SCome then,' said Hopeful, let as go and see, A Here some have riches gained, and why not we ?'

SNot I,' said Christian, A not a step I'll move,
* This bait will certainly our ruin prove. 'l'ho will be rich-fall into many a snare; 'And, O! the thousands that have perish'd there!'

By-ends who follow'd after, soon was won, Demas no sooner call'd him, but he run; Anxious for wealth, poor wretch, he long had bre:s, Plunged in the pit, and never more v:as seent.

SBy-end, and si,'ver Denmas bot agree; One eall', the other runs, that he map be
SA bsharer in his game; so nany do
SIn this world settle, and no farther go.'

A little onward, just beside the road, An ancient monumental figure stood; A pillar first it seem'd-they nearer drew, A female fgure then appear'd in view.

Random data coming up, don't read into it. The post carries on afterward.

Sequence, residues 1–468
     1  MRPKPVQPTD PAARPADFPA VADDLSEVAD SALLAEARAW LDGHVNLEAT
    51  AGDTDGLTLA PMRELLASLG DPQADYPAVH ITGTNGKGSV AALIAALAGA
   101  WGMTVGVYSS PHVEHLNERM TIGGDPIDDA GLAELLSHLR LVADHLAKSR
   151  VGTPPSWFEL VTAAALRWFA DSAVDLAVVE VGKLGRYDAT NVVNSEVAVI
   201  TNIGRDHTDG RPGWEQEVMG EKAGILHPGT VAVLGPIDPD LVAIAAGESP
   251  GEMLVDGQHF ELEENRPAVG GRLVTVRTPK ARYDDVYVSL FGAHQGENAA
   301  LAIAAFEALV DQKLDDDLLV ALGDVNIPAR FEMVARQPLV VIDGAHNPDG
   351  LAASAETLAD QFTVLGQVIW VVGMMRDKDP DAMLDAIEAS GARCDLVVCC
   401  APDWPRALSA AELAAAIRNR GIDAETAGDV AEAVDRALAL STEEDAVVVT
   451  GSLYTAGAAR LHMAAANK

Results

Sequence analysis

SA new temptation is presented. Prosperity is :a dangerous as adversity.

S' The love of money is the root of all evil; whb % jvile some have coveted after. they have erred frea the faith, and pierced themselves through wide min sorrows,' I Tim. vi. 10. How great is the privilre of having a faithful friend it hand, to war s of co danger!




r


45
What can it be t-while they stood and gaz'dTh' inscription tried to read ('twas half erased)
The words, with pains, at length they found to be,
Lot's wife rem ember, wbo this pillar re'.'

S salutary lesson!' Hopeful cried,
9 To me, solicited to turn aside* To me, inclind that dangerous mine to see.
My keeper, God! I give the praise to thee,
SLike her's (I own with shame) like her's my fault
SI live to praise, while she's a rock of saltf.,

Close by the path a copious river flowed,
1Vhich David calls The river of his God:'
On either hand delightful meadows lay,
And fragrant rows of fruit trees line the way:
The trees supply them with delicious food,